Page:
In what may be a new mechanism cells use to suppress apoptosis, overexpression of a chromosomal protein appears to inactivate p53, according to a new study appearing this week in the Journal of Clinical Investigation. The researchers found that overexpression of the high mobility group protein A1 (HMGA1) appears to deactivate the tumor suppressor gene p53 by shuttling its activator protein out of the nucleus in cancer cells. "This paper identifies a new potential mechanism of [p53 inactivation]," Gerard Evan, a cancer biologist at the University of California San Francisco who was not involved in the current research, told The Scientist. Mutations in p53, a transcription factor, have been associated with more than 50 percent of all human tumors. P53 regulates cell growth by apoptosis, and can shrink tumors when reactivated.The study was led by a group at the Istituto Nazionale dei Tumori Regina Elena...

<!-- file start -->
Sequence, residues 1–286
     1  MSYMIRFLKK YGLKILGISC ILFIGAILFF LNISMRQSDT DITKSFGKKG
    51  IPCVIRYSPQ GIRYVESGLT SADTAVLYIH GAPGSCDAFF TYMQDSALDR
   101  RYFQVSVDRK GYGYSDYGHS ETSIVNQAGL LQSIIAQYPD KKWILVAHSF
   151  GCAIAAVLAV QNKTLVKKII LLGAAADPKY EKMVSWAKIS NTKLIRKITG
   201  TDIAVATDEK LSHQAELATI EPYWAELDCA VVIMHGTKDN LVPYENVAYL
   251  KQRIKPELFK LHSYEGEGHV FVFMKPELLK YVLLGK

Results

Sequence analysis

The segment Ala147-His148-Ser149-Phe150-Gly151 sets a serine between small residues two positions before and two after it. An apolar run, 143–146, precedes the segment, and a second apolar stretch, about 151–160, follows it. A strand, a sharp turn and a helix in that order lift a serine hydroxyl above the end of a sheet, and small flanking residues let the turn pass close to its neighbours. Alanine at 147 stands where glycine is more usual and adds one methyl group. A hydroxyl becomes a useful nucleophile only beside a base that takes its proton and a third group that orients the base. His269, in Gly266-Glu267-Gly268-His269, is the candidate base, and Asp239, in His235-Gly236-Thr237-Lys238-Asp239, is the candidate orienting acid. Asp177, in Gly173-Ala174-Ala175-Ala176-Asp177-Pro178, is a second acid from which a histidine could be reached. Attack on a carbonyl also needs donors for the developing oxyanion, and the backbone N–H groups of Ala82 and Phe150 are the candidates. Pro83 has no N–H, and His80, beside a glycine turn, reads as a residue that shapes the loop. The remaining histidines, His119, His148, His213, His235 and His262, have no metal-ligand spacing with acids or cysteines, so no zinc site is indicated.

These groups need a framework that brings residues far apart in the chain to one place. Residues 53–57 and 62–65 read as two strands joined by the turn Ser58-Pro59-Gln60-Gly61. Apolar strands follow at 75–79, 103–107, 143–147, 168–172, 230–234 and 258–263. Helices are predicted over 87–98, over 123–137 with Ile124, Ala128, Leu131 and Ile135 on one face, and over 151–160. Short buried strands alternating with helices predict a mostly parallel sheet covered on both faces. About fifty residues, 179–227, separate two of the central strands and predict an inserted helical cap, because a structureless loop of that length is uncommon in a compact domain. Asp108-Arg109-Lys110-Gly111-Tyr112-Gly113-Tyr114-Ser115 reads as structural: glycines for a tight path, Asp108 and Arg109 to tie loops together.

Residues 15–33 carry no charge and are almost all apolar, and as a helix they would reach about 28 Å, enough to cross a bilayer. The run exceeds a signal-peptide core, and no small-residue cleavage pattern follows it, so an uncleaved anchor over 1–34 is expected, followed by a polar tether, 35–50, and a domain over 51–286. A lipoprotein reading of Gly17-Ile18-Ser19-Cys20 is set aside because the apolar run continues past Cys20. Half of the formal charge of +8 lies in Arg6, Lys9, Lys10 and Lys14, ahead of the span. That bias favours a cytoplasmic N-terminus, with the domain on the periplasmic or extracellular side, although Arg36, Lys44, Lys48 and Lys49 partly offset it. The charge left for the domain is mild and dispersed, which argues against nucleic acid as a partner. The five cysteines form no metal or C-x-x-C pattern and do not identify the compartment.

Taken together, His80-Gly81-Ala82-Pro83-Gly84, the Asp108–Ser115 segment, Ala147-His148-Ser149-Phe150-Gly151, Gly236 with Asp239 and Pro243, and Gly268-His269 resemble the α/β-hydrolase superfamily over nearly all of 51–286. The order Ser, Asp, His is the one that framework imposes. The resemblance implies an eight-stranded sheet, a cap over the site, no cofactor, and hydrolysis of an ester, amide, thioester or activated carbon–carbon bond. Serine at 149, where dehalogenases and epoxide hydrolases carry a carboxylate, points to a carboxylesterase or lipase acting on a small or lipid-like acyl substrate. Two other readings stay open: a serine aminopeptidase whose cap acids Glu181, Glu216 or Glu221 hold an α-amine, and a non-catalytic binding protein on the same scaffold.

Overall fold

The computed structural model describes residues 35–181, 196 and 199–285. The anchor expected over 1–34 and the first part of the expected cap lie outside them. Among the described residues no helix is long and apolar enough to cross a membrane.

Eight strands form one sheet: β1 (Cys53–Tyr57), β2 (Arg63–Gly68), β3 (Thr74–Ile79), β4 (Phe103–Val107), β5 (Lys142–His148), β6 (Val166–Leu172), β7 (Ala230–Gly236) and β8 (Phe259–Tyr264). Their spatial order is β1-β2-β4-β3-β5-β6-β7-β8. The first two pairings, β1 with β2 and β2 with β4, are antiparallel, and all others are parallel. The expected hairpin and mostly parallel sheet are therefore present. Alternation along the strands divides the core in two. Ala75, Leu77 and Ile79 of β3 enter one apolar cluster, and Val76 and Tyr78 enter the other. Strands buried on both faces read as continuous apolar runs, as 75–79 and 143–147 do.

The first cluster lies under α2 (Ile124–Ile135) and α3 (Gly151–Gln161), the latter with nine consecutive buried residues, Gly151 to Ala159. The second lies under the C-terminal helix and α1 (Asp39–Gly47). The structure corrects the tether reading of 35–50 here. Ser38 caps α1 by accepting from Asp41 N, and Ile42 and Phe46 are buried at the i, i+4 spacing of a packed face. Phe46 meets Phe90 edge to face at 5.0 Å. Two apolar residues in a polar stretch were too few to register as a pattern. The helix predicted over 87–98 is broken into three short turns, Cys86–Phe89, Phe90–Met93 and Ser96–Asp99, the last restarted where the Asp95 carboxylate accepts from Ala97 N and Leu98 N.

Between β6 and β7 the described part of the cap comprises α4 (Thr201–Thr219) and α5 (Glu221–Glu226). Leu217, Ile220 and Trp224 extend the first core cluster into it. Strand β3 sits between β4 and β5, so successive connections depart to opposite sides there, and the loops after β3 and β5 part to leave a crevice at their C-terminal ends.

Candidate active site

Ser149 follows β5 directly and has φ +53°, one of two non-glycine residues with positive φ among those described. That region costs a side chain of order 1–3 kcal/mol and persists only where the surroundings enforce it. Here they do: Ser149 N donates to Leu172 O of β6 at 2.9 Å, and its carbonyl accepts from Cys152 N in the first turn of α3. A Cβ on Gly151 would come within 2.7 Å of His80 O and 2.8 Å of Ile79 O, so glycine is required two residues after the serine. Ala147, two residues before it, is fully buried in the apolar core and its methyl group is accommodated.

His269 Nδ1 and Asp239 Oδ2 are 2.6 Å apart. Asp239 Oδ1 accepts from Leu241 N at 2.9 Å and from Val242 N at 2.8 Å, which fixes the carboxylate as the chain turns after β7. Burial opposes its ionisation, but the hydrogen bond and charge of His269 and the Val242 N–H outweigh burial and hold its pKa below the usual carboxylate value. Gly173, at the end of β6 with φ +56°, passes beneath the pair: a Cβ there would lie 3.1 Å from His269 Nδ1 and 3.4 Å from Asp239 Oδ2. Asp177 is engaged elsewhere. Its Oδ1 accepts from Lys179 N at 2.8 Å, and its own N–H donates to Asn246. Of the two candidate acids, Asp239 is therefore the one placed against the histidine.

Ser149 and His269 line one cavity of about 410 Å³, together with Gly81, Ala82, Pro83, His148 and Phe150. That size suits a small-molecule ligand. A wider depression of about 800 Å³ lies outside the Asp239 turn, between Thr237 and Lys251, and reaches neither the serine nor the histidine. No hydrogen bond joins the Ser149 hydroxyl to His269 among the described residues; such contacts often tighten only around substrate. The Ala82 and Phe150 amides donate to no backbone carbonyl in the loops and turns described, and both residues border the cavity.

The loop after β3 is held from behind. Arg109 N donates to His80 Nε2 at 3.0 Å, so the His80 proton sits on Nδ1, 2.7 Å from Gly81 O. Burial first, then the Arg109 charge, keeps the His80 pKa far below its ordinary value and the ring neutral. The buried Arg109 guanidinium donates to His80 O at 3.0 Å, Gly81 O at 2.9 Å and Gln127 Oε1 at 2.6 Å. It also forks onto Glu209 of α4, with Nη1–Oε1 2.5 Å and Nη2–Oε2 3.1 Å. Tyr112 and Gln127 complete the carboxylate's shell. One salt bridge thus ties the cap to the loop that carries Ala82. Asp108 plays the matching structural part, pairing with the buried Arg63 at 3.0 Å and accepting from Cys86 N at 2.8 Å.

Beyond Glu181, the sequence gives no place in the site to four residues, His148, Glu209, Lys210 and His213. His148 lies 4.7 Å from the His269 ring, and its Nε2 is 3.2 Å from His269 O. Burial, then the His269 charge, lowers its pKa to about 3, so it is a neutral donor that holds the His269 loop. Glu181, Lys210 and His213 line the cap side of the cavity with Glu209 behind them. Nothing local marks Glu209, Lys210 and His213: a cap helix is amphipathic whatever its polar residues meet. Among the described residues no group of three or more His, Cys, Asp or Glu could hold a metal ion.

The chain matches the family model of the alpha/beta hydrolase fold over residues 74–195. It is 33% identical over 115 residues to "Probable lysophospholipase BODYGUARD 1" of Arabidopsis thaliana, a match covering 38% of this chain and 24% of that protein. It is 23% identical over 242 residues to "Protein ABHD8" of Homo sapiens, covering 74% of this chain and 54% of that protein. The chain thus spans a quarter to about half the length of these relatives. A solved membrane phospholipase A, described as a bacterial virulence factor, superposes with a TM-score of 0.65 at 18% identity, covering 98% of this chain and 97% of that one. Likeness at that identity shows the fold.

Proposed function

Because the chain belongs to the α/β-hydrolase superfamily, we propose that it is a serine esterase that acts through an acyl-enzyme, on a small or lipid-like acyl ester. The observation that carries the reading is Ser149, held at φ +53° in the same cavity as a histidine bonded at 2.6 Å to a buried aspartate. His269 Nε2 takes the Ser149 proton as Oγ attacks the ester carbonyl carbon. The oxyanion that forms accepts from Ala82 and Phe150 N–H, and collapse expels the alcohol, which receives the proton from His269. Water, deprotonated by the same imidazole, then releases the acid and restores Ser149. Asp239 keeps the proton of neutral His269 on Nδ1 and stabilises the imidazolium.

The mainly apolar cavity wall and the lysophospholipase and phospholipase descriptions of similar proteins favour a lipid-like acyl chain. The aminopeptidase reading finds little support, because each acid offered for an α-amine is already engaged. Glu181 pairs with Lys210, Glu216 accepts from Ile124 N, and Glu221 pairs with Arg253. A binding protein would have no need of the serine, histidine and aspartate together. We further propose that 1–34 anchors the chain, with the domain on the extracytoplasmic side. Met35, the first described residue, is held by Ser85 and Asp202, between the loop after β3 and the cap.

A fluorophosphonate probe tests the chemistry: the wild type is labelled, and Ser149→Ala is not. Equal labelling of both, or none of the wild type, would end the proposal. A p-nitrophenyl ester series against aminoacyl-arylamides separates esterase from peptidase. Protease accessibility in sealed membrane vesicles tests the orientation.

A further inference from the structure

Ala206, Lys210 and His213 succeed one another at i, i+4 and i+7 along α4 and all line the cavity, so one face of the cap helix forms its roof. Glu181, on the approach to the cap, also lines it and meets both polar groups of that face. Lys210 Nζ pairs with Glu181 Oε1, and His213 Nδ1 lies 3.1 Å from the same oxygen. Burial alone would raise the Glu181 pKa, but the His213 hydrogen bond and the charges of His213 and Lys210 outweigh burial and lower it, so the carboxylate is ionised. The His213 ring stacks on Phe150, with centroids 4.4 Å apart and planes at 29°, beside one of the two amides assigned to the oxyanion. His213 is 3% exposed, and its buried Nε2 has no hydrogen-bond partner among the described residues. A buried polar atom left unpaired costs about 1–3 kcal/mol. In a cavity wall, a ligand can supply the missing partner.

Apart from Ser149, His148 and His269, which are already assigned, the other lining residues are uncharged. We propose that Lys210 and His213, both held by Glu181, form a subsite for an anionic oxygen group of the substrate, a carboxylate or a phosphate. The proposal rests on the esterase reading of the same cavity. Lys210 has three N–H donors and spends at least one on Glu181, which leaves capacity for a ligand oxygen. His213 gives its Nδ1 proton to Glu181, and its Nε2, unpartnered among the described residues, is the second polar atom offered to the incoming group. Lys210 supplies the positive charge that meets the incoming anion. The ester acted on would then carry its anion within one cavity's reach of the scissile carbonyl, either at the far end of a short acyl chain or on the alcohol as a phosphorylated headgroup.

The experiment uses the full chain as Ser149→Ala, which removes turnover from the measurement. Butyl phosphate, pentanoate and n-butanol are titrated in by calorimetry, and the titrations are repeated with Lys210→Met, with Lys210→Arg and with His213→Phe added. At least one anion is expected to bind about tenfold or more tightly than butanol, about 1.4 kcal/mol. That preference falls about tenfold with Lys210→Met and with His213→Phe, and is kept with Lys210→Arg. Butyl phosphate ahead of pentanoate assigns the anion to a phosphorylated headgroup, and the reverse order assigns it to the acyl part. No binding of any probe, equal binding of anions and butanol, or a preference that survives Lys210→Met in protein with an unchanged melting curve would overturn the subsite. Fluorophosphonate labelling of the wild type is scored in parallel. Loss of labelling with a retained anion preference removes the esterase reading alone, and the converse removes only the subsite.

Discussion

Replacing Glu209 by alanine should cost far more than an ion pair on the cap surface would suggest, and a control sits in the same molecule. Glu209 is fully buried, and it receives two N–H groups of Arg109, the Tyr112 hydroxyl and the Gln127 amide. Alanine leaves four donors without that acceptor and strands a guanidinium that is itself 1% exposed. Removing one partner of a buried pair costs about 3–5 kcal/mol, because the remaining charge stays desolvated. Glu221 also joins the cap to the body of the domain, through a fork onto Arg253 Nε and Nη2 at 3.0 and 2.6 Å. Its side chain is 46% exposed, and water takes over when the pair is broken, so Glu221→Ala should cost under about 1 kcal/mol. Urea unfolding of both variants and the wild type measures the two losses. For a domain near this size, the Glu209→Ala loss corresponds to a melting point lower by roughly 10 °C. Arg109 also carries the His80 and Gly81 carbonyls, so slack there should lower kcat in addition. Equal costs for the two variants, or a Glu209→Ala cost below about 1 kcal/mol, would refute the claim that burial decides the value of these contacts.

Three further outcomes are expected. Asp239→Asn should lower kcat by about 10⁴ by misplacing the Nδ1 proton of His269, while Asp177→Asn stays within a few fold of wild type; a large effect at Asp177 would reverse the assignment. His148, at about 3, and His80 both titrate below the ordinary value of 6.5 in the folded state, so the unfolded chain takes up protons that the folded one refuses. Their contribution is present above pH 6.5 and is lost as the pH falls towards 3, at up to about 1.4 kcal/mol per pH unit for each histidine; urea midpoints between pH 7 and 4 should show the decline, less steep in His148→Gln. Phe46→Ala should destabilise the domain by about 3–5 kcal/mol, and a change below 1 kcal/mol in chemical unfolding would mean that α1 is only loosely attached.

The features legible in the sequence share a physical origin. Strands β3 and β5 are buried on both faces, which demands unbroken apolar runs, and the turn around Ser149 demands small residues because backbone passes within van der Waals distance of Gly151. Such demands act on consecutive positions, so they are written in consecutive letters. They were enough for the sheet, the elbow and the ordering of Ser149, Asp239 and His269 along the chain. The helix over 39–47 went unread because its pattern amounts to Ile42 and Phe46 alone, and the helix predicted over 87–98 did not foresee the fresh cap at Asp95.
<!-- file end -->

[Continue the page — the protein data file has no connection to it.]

HMGA1HIPK2The ScientistThe Scientisexplicitly firstname.lastname@example.orgThe Scientisthttp://www.the-scientist.com/news/display/24625/http://cancer.ucsf.edu/evan/index.phpThe Scientisthttp://www.the-scientist.com/news/display/43281/Cell Death and Differentiationhttp://www.the-scientist.com/pubmed/16341121Cell Death and Differentiationhttp://www.the-scientist.com/pubmed/16729035The Scientisthttp://www.the-scientist.com/article/display/23308
Interested in reading more?
Become a Member of
Receive full access to more than 35 years of archives, as well as TS Digest, digital editions of The Scientist, feature stories, and much more!